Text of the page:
Although renowned for its seemingly endless string of fast-food restaurants, automobile dealerships and discount stores, Rockville Pike is fast becoming home to a growing number of hotel and office buildings.

Too fast in the eyes of city fathers and mothers, who last summer unexpectedly imposed a temporary building moratorium along the pike and, in action this week, gave preliminary approval to strict new limits on commercial developments there.

The City Council directed the planning staff to draw up an amendment to the city master plan that would reduce by a third the current maximum density allowed in commercial development along the heavily congested pike.

The measure would reduce the size of new buildings by reducing the maximum allowable floor space by one-third in commercial developments along the 1.5-mile stretch in Rockville between Twinbrook Parkway and Veirs Mill Road.

About 75 percent of that area is zoned for commercial development.

Rockville planners and an advisory group made up of Rockville Pike property owners and nearby residents recommended the "downzoning" last month as a way to lift the moratorium -- which expires April 2 -- and to protect the pike against future traffic gridlock.

The proposal calls for an "optional method of development," under which developers could build to maximum levels if they include certain public amenities, such as devoting spaces for landscaping or works of art.

The recommended reduction is expected to be approved by the City Council this month.

"I think it's the first step to bring maximum commercial development in line with what it should be," City Planning Director James M. Davis said of the proposed reduction.

"This is a negotiated consensus between the city staff, who wanted more reduction, and property owners, who wanted less reduction."

Davis attributed the recent surge in office building construction to several factors: the opening of the Metro subway, rising land costs that have forced developers to build more intensely, and an overall change in the character of the Rockville Pike corridor from a suburban main street to a more urban environ.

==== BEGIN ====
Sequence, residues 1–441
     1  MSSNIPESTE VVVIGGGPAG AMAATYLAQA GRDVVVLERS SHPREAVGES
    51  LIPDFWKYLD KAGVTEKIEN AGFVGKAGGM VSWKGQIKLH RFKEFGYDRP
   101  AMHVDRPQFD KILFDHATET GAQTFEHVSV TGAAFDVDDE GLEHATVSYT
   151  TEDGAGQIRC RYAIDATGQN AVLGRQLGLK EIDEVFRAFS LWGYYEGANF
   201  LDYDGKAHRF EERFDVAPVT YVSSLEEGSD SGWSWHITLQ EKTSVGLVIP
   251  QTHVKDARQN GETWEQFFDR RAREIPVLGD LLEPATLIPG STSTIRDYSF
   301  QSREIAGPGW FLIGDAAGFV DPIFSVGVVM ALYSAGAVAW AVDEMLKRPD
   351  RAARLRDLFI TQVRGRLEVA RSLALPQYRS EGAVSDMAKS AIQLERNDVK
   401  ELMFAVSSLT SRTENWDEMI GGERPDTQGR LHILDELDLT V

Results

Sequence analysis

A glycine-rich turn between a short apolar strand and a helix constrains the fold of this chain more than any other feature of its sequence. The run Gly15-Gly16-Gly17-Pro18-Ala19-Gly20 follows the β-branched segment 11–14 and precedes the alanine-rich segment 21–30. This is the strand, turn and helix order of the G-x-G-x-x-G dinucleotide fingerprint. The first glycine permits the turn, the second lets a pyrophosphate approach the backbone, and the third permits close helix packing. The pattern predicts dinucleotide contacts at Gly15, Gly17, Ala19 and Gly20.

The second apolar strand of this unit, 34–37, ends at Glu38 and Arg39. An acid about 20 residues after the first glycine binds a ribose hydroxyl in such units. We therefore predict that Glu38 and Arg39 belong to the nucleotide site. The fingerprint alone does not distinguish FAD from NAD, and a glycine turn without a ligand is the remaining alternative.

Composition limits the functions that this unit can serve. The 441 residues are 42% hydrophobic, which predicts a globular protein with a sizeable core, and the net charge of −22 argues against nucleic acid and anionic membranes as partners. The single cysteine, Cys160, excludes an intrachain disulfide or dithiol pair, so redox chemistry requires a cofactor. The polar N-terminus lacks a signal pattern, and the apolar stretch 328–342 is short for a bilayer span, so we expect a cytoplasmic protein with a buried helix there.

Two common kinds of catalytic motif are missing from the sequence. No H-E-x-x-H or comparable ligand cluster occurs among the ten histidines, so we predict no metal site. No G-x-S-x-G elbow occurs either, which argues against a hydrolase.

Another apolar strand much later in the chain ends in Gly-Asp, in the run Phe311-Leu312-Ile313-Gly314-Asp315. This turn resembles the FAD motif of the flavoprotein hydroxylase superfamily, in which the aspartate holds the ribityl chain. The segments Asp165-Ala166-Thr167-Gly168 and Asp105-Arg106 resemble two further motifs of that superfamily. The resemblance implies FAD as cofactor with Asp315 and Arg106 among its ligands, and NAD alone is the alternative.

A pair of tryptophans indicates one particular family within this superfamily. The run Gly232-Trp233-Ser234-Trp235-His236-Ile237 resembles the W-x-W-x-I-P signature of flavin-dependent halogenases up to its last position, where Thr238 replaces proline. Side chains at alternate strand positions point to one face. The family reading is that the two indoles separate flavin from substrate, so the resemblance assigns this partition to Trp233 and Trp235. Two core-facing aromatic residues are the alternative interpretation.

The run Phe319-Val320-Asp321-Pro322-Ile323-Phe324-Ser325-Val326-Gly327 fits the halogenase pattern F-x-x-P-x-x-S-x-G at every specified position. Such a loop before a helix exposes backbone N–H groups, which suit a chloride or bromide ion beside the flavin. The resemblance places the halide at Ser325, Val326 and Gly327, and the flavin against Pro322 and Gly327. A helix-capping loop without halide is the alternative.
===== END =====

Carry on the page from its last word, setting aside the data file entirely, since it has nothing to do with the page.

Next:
The largest ongoing construction projects, begun before the moratorium, include Jefferson Plaza at the pike and Veirs Mill Road, the Twinbrook Metro Plaza at Twinbrook Parkway, the Barlow building at Bouic Avenue and a 420-unit housing complex south of the 1776 Plaza.

The Montrose Civic Association, like other neighborhood groups adjacent to the pike, strongly supports the recommended reduction.

"Because of our location, and our dependence on the neighboring retail stores, we feel threatned by the impact of both the increased traffic and the new development along Rockville Pike," said Charlotte Joseph, president of the Montrose Civic Association and an advisory committee member.

Though most of the 20 committee members support the reduction -- according to its chairman, Rockville lawyer Joseph A. Lynott -- a handful of property owners oppose it.

Lowell E. Baier, president of Baier Properties and owner of the Wintergreen and Jefferson plazas on Rockville Pike, called the council's decision to impose the moratorium "insular" and the proposed downzoning "premature."

"Had they looked beyond the city limits, they would have recognized that the Rockville Pike market place starts at White Flint," Baier said. "They might have found out that there's enough going on out there that would forestall the imminent overbuilding they are anticipating."

The city's portion of Rockville Pike carries 2.7 million square feet of commercial space, including 1.7 million square feet of retail space and 568,000 square feet in office space, Davis said.

Planners have forecast up to 3.4 million square feet of commercial development along the pike by 1990, including 1.8 million square feet in retail space and 1.2 million in office space.